Although we don't believe in timing the market or panicking over daily movements, we do like to keep an eye on market changes -- just in case they're material to our investing thesis.

The Dow Jones Industrial Average (^DJI -1.24%) has fought off worse than expected U.S. housing results to rise 24 points, to 16,157, as of 1:30 p.m. EST. The S&P 500 (^GSPC -1.46%) was up three points to 1,843.

The blue-chip index has been rising steadily the past few weeks and maintained its momentum this week amid a series of worrisome reports on the housing industry.





Existing Home Sales


4.62 million

4.87 million

Existing home sales dropped 5.1% in January to a seasonally adjusted annualized 4.62 million, the National Association of Realtor said this morning. That was below analyst expectations of 4.65 million.

US Existing Home Sales Chart

U.S. Existing Home Sales data by YCharts.

The housing market started to cool in 2013 as higher mortgage rates and higher prices weighed on sales. Year over year the median national home price is up 10.7% to $188,900.

US 30 Year Mortgage Rate Chart

U.S. 30-Year Mortgage Rate data by YCharts.

Terrible winter weather conditions in December and January helped to push down activity in housing, as well as across the economy as a whole. As National Association of Realtors Chief Economist Lawrence Yun said:

Disruptive and prolonged winter weather patterns across the country are impacting a wide range of economic activity, and housing is no exception. Some housing activity will be delayed until spring. At the same time, we can't ignore the ongoing headwinds of tight credit, limited inventory, higher prices and higher mortgage interest rates. These issues will hinder home sales activity until the positive factors of job growth and new supply from higher housing starts begin to make an impact.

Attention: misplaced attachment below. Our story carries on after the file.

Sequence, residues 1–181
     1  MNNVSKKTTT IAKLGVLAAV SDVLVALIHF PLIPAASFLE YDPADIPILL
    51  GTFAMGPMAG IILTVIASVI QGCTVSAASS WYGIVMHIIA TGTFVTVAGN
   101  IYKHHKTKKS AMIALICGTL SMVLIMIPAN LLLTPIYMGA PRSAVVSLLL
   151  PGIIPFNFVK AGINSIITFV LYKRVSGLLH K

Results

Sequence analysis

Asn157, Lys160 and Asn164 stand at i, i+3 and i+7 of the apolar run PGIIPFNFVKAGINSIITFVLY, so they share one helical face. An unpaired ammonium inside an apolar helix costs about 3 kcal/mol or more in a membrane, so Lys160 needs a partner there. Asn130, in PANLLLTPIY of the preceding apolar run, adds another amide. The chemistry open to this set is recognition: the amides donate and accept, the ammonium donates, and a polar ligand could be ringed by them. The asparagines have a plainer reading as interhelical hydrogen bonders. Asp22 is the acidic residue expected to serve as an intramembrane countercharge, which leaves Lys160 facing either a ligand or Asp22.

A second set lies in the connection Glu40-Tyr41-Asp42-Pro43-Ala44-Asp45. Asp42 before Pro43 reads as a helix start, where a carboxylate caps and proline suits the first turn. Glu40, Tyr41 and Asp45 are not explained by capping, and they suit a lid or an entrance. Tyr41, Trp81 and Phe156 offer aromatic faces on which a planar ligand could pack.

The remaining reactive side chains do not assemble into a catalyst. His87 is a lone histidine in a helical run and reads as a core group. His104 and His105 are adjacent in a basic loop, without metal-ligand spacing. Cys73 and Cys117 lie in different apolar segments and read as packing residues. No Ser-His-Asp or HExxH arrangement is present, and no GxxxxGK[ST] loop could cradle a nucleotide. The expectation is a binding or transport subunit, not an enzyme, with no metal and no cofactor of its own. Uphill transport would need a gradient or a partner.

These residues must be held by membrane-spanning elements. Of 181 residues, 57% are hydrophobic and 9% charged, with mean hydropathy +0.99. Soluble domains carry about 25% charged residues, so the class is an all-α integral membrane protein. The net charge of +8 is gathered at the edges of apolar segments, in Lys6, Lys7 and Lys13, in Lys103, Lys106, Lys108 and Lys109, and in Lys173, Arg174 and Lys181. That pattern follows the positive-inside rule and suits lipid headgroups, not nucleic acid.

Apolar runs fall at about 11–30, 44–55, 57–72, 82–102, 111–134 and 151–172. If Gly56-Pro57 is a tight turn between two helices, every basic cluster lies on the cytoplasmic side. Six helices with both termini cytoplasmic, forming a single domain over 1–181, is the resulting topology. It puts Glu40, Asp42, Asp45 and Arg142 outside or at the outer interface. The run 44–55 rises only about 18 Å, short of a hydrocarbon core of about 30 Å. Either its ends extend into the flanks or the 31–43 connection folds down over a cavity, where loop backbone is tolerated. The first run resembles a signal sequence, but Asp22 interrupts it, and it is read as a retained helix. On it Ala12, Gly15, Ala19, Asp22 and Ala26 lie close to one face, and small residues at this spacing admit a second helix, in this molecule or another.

While the economy looks like it is slowing down in the short term, the larger story is still unchanged. The stock market is overvalued, and earnings look cyclically high. That said, predicting where the broad market will go in the short term is a game for fools (with a lowercase "F"). Stocks can always get more overvalued. When things get frothy, it's worthwhile to build up some cash on the side for when prices inevitably fall.

The Motley Fool has always taught that Foolish (capital "F") investors don't invest in the broad market. We invest in great companies at good prices, continue to educate ourselves, and hold on to our great companies over the long term. The market will fluctuate (sometimes massively), but great companies will win out over the long run.